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UniFor adheres to the Italian Environmental Footprint Program


Apr - 15



Having always been committed to sustainable development, UniFor has recently participated in the Italian Environmental Footprint Program with the study “Calculation of the Carbon Footprint of the UniFor AP and RP Interior Partition Systems”, co-funded by the Ministry of the Environment and for the Protection of Land and Sea.

Carbon footprint is an environmental indicator which measures the environmental impact of human activities on the global climate by calculating the effects of greenhouse gases generated by a product, an organization, an event or a person. 
Carbon footprint calculation takes into account all of the climate-changing gases identified by the Kyoto Protocol: carbon dioxide (CO2), methane (CH4), nitrous oxide (N2O), fluorocarbons (HFCs), perfluorocarbons (PFCs) and sulfur hexafluoride (SF6). 
UniFor's analysis of the Parete AP and Parete RP partition wall systems is based on the LCA or Life Cycle Assessment method, which permits the assessment of environmental sustainability throughout the life cycle of a product, from raw material extraction to final disposal - “from cradle to grave” -, identifying the actions useful for reducing its impact on climate change.

Hatch.Michele De Lucchi
Hatch patterns are used in CAD programs to differentiate between areas or to create shades and shadows. One of the things that distinguishes a skilled draftsperson is his or her ability to use hatching effectively. 
In the old days, hatching was done by hand, line by line by line. Good hatching required great patience and accuracy (and to tell the truth, I became very good at it). Over the years, a tool appeared for making parallel lines, the “tratteggigrafo”, a type of section liner that was first introduced to me by the master architect Adolfo Natalini. The arm and ruler advanced by increments when you pushed a button on the device with your left hand, permitting your right hand to rapidly make a series of evenly spaced diagonal lines. We were impressed by the speed and “machine” precision of the tool. However, many people refused to use it, claiming that the resulting patterns lacked the personality and human touch of hatching made in the old-fashioned way.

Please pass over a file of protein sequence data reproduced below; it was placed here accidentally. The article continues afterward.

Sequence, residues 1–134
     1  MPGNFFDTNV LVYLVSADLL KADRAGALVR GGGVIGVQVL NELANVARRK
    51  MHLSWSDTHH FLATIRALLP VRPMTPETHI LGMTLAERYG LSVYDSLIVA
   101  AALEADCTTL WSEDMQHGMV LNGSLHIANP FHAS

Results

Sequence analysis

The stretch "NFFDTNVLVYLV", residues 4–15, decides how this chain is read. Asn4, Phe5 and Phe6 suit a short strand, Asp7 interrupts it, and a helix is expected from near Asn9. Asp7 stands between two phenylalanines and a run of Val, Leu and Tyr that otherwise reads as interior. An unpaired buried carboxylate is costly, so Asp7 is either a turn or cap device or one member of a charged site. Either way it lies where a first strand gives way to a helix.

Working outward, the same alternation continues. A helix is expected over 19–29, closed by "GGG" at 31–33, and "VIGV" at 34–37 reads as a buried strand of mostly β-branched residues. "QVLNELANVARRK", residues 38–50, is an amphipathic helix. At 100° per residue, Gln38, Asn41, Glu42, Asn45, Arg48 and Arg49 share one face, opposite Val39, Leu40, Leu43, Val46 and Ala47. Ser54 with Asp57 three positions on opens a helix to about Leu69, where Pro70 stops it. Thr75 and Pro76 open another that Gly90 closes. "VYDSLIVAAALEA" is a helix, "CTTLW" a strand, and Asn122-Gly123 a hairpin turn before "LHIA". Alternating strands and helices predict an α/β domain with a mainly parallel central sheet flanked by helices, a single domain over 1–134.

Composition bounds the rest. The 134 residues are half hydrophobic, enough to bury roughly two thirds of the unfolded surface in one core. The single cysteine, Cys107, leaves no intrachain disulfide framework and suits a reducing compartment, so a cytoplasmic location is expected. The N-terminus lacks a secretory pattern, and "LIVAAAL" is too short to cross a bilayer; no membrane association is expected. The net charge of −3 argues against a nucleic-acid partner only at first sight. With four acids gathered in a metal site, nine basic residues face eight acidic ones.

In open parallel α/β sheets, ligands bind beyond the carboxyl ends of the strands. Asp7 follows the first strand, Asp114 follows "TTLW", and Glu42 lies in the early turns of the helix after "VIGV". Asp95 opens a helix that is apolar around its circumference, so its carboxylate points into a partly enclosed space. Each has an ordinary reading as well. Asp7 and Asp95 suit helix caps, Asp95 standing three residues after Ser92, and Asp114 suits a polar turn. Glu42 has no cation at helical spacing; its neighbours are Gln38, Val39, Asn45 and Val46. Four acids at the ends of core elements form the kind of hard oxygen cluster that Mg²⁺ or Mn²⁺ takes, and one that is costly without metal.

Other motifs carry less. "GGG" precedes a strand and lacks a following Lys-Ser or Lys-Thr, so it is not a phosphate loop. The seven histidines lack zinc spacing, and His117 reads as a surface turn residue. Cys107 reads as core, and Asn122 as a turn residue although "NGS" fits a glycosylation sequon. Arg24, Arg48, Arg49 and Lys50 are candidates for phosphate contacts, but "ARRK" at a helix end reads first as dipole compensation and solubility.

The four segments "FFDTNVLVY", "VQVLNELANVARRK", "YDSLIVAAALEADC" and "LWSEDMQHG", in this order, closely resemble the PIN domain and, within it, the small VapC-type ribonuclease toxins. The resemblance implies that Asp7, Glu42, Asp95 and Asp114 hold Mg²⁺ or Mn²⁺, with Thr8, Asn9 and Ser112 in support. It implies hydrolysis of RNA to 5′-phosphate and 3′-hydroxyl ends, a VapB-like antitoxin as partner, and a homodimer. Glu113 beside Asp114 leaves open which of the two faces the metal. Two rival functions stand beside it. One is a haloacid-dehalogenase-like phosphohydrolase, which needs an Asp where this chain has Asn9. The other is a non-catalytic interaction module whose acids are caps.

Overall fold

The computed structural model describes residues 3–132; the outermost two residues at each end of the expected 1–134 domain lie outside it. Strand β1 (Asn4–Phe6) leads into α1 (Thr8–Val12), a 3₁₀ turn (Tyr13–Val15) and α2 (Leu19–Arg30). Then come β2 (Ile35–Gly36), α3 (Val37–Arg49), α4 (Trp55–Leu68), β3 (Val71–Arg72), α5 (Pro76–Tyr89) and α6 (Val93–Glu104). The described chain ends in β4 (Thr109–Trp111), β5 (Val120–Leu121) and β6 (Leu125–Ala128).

Hatching is used to draw walls, shadows and contours, and to distinguish between various materials and finishes without actually simulating their appearance. Hatching never represents the reality of materials, it only helps distinguish between them, making it clear that a certain piece is one thing, and another piece is another thing

Hatch by UniFor is a wall that does everything a wall should do. It separates and divides, and like good hatching, it is transparent, so that you can see what it is behind it, just as you can see the paper behind hatching.
In the wall version, Hatch is the door that supports the wall. A wall makes sense if you can go to the other side of it. In the office version, Hatch acts as a desk and a sofa. In the old days, desks had chairs in front of them for visitors, and the owner of the desk might sit behind the desk and make pronouncements. Today it is more polite and convivial to sit on a sofa and converse. With Hatch, there is a sofa in front of the desk.

Michele De Lucchi

50 Years of Design
Palazzo of Brera
Via Brera 28 - Milano
installation by Ron Gilad

8 - 14 April 2019
Monday - Saturday 10am - 9pm
Sunday 10am - 7pm

Visit UniFor50.com 
For the occasion, during the Milan Design Week, UniFor presents a prestigious multimedia installation curated by Ron Gilad at Palazzo of Brera, home of important institutions such as the Academy of Fine Arts and the Pinacoteca di Brera. In the Cortile d'Onore, in the Sala Napoleonica and in the Sala della Passione, for the first time, Ron Gilad links UniFor’s industrial culture with the educational values of one of Italy’s oldest schools, the Accademia di Belle Arti di Brera, and with the masterpieces of art history conserved in the Pinacoteca di Brera. An extension of the installation will take place in the historical Showroom of the Company, in Corso Matteotti 14 in Milan, presenting highlights from the past and the present of UniFor.
For its first 50 years UniFor is retracting five key decades in the history of Italian design and telling and telling the story of its own historic journey in a new book edited by Fulvio Irace, with graphics by Pierluigi Cerri, and published by Skira.

50 years of an Italian success story: the life of a company, UniFor, that has propelled Italian design to international prominence. Projects, products, architects, and designers in a book that reconstructs the backstage and originality of a production method and system centered on the spaces that foster community.
The story begins in the 1970s in Turate, in the province of Como, when Angelo Mangiarotti designed the first headquarters and plant, to be gradually enlarged as the business grew. The model factory was based on a system of vertical integration that permitted obsessive attention to quality control, while the classic simplicity of the campus became a living manifesto of the company’s spirit of enterprise.
It was no coincidence that Angelo Mangiarotti also designed one of UniFor’s first successful furniture series, the 4D, alongside another bestseller and longseller, the Modulo 3 by Bob Noorda and Franco Mirenzi. These were joined over the years by more extraordinary and iconic products: Naòs System by Studio Cerri & Associati, Less by Jean Nouvel, Element Office Collection by Foster+Partners, MDL System by Michele de Lucchi, Parete AP by Andrée Putman, Moodway by Fernando Urquijo, Flipper FortyFive by Pagani and Perversi, Régua by Álvaro Siza, the Parigi chair by Aldo Rossi, and many others.

Published: 01, 2015